Karnataka government dances to the music of the Karnataka high court for ‘stifling’ startups like Uber and Ola
The Karnataka high court headed by the honorary high court judge, Mr. Raghavendra Chouhan criticized the Karnataka government on Wednesday (03/08/2016) for ‘stifling’ startups like Ola and Uber with rules like the Karnataka On-Demand Transportation Aggregators’ Rules (OTTA). He said that laws/rules like these would create an ‘unviable’ environment to operate taxis in the state and would ‘stifle’ startups like Ola and Uber. “On the one hand, you (government) want to encourage start-ups in the state and, on the other, you want to stifle its business by framing rules like the Karnataka On-Demand Transportation Aggregators’ Rules (OTTA)” said the high court judge on Wednesday (03/08/2016).
Uber had filed a case in the court after the Karnataka Transport Department suspended and confiscated taxis belonging to Uber (and Ola) for not securing driving and other licenses for the vehicles (taxis) under the new transport norms. Taxis belonging to Ola and Uber, which do not have the necessary licenses under the new norms, have now been suspended from operating inside and outside the state. Also, the transport department in April had increased the penalty for cab aggregators from Rs.1000 to Rs.5000, alleging that they were operating without the necessary licenses despite its repeated warnings. These actions by the Karnataka state transport department has led to protests by the drivers of both the companies, particularly Uber. The honorary Karnataka high court judge, Mr. Raghavendra Chouhan, on Wednesday also stated that such measures will cause startups like Ola and Uber to withdraw their business in Karnataka, which will have a negative impact on investments and investors in the state. “If we have such regulatory rules, it will create an unviable environment for start-up business in the state. Start-up companies like Uber may pull out of business in the state, which will not be good. It will have a negative impact or repercussions on investments,” he said. Ola and Uber have so far been fined upto Rs. 1 lakh each for operating cabs without licenses.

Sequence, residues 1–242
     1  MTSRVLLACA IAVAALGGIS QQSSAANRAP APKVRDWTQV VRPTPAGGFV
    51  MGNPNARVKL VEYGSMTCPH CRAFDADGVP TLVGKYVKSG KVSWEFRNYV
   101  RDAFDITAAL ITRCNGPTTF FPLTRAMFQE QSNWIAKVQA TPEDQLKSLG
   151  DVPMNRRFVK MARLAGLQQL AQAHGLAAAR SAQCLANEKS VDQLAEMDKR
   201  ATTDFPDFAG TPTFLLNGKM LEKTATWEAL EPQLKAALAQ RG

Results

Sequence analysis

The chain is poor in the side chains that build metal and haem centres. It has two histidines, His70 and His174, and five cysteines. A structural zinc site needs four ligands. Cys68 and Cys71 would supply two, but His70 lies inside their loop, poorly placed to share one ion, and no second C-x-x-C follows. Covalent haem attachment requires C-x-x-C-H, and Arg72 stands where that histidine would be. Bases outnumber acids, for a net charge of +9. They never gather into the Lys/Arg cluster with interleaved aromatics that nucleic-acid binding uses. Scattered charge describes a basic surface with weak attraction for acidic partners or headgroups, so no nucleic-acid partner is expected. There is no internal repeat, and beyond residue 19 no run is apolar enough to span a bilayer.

Earlier last month, (in the month of July) Uber’s counsel Mr. Sajan Poovayya had submitted that since the taxi-hailing app, Uber, is a technology platform that connects drivers with passengers, it cannot be regulated under India’s Motor Vehicles Act, which governs taxis and aggregators in the country. The hearing in this case will continue on Thursday (11/08/2016).
Ever since their launch, Ola and Uber have made commuting very easy in the state of Karnataka, especially in the city of Bengaluru/Bangalore. Instead of coming under scrutiny, we feel they should be given awards for such a good and radical transformation they have brought about in the field of commutation and transport. Both the companies have increased their cab fleet strength a great deal in the span of a few years and it is not practically possible to ensure that ‘all’ their cabs have the required licenses to operate. We feel therefore that the Karnataka government should give them sufficient time (a few years) to enable their drivers to obtain the necessary licenses to operate, to stabilize their cab fleet strength and to sack non- compliant drivers. This would ensure passenger safety and would also create a ‘viable’ environment for cab aggregating companies like Ola and Uber to operate. It would also encourage startups in the state and bring back the ‘confidence’ to investors to invest in the state.
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